The Peju Vineyards
Rutherford H.B. Vineyard
When Tony Peju purchased the 30-acre “Stephanie Vineyard” in 1983, it had been producing wine grapes since the early 1900s and some of the vines much longer. Originally planted to Cabernet Sauvignon and Colombard, the fruit was sold to a number of wineries by the vineyard’s former owners.
Peju continued to sell grapes initially and continued to improve the vineyard through greater attention to canopy management, trellising and irrigation. He also changed the name to the “H.B. Vineyard”, the initials of his wife.
Ideally situated between Highway 29 and the west bank of the Napa River, the vineyard is part of the Rutherford Appellation, a six square mile region famous even by Napa Valley standards. Nearby are the historic vineyards of Inglenook (now Coppola), Robert Mondavi, Beaulieu and Caymus. The Rutheford H.B. Vineyard soil is deep and well drained, formed by three alluvial fans which supply gravel and sand to the valley floor’s deep loamy soil. Water flows easily through the soil and drains to the river.
Rutherford is at the valley’s widest point and so has longer sun exposure and therefore a higher radiant value than other parts of Napa Valley. UC Davis categorizes the area as Region II. Despite the warm growing temperatures, the vines are cooled in the evening by the northern reaches of San Francisco (San Pablo) Bay. A typical summer day sees evening temperatures drop by 40-50 degrees. Cool night temperatures allow the fruit to ripen slowly, maturing tannins and balancing acids in the long growing season. Rain in Rutherford comes mainly in the winter months, 26-36 inches annually, filling the aquifers and reservoirs which are necessary in the valley’s irrigated vineyards.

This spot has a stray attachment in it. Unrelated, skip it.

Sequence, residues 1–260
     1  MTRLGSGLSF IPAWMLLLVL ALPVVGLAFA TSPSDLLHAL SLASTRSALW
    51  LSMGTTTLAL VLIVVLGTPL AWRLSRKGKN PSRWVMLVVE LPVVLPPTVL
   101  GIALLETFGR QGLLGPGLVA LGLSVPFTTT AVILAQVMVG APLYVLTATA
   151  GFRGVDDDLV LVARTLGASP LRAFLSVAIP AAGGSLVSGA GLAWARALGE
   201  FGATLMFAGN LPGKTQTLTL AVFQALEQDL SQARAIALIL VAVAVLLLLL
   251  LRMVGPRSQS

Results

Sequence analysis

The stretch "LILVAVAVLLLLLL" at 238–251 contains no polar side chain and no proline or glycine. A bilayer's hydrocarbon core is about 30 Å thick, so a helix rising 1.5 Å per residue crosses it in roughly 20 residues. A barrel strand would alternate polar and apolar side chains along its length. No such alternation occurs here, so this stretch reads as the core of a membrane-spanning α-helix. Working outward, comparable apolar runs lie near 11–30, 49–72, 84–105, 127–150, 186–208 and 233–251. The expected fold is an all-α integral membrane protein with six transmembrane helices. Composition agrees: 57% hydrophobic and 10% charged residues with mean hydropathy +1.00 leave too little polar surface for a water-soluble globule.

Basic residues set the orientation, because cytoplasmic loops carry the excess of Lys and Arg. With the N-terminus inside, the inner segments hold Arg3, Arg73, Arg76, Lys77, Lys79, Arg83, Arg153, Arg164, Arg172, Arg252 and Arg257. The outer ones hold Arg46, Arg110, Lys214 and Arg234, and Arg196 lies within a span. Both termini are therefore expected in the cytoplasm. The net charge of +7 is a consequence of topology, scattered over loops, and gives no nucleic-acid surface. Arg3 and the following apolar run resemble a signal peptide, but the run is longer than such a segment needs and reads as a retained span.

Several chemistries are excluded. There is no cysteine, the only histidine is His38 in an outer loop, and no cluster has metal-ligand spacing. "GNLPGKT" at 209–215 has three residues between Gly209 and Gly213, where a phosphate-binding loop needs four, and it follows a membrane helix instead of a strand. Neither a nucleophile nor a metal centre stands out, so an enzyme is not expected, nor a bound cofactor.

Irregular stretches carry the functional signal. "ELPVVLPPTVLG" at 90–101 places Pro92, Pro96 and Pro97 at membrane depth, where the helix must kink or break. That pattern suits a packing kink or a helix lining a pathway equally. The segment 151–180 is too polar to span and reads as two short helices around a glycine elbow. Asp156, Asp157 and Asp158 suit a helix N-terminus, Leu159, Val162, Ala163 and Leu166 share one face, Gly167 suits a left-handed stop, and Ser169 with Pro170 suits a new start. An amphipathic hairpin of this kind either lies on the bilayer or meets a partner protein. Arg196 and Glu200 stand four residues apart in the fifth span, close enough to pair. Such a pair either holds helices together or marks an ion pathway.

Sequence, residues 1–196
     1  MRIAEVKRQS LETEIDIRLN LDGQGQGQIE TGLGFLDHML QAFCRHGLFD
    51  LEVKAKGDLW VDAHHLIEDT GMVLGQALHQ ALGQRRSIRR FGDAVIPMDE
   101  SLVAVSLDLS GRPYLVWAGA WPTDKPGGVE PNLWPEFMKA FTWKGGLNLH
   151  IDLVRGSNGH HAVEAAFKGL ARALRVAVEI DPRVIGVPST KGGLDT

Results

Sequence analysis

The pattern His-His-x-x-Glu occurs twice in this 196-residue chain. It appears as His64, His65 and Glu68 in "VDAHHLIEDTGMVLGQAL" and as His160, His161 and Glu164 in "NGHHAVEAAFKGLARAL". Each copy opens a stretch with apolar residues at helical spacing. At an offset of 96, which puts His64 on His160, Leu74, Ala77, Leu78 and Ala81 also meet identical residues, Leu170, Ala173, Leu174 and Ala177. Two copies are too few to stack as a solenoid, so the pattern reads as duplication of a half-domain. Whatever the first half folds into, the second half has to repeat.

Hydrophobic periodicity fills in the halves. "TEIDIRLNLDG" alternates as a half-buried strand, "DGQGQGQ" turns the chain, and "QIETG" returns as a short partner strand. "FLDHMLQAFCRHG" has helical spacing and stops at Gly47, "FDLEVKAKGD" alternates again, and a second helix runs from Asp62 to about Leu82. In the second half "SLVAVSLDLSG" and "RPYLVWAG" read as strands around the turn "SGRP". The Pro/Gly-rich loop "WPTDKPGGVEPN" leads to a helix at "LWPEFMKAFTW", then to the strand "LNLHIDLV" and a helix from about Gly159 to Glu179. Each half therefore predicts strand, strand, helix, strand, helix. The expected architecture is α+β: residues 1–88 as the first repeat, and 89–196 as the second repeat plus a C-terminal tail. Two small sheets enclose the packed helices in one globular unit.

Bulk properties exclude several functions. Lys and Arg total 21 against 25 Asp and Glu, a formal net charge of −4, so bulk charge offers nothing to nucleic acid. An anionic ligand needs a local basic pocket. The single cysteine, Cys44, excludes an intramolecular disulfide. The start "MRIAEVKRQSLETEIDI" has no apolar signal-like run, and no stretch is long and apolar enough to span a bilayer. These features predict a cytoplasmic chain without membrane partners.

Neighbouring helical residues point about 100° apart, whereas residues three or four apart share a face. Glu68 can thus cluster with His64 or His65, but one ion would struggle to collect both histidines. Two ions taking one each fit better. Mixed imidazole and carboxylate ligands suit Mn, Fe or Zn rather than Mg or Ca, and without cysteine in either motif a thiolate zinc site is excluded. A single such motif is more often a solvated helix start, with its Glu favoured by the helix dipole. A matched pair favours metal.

It is perfect terroir for wine grapes. But even in such a grape paradise there can be problems. Like most of the old plantings in Napa Valley, Peju’s vines were originally planted on root stock not resistant to the devastating phylloxera louse. In addition, the old vines were coming to the end of their productive years and the blocks of Colombard were not the ideal varietal for Rutherford. In 1990 the decision was made to replant.
Tony Peju was making wine himself by then and winning gold medals and critical accolades. He realized the greatest flavors in his wines were coming from an original 5.5 acre block of Cabernet Sauvignon. These particular vines thrived in the Rutherford climate producing complex and multi-layered wine with unique characteristics. He replanted primarily with cuttings from that block, now called the “HB Clone”, and complemented the vineyard by growing Merlot and Cabernet Franc, the classic Bordeaux blend.
Today’s Rutherford H.B. Vineyard is an outstanding example of Napa Valley viticulture. Vines are trained on vertical shoot position trellises and carefully manicured of excess lateral canes and leaves. Irrigation begins in late spring, tapering off at veraison (turning of color) so the plant focuses energy on ripening, not growth. To intensify flavors, superfluous grape clusters are “dropped” allowing those remaining to get full benefit of the vine’s photosynthesis. Harvest can take place in several passes as crews select clusters at optimum ripeness.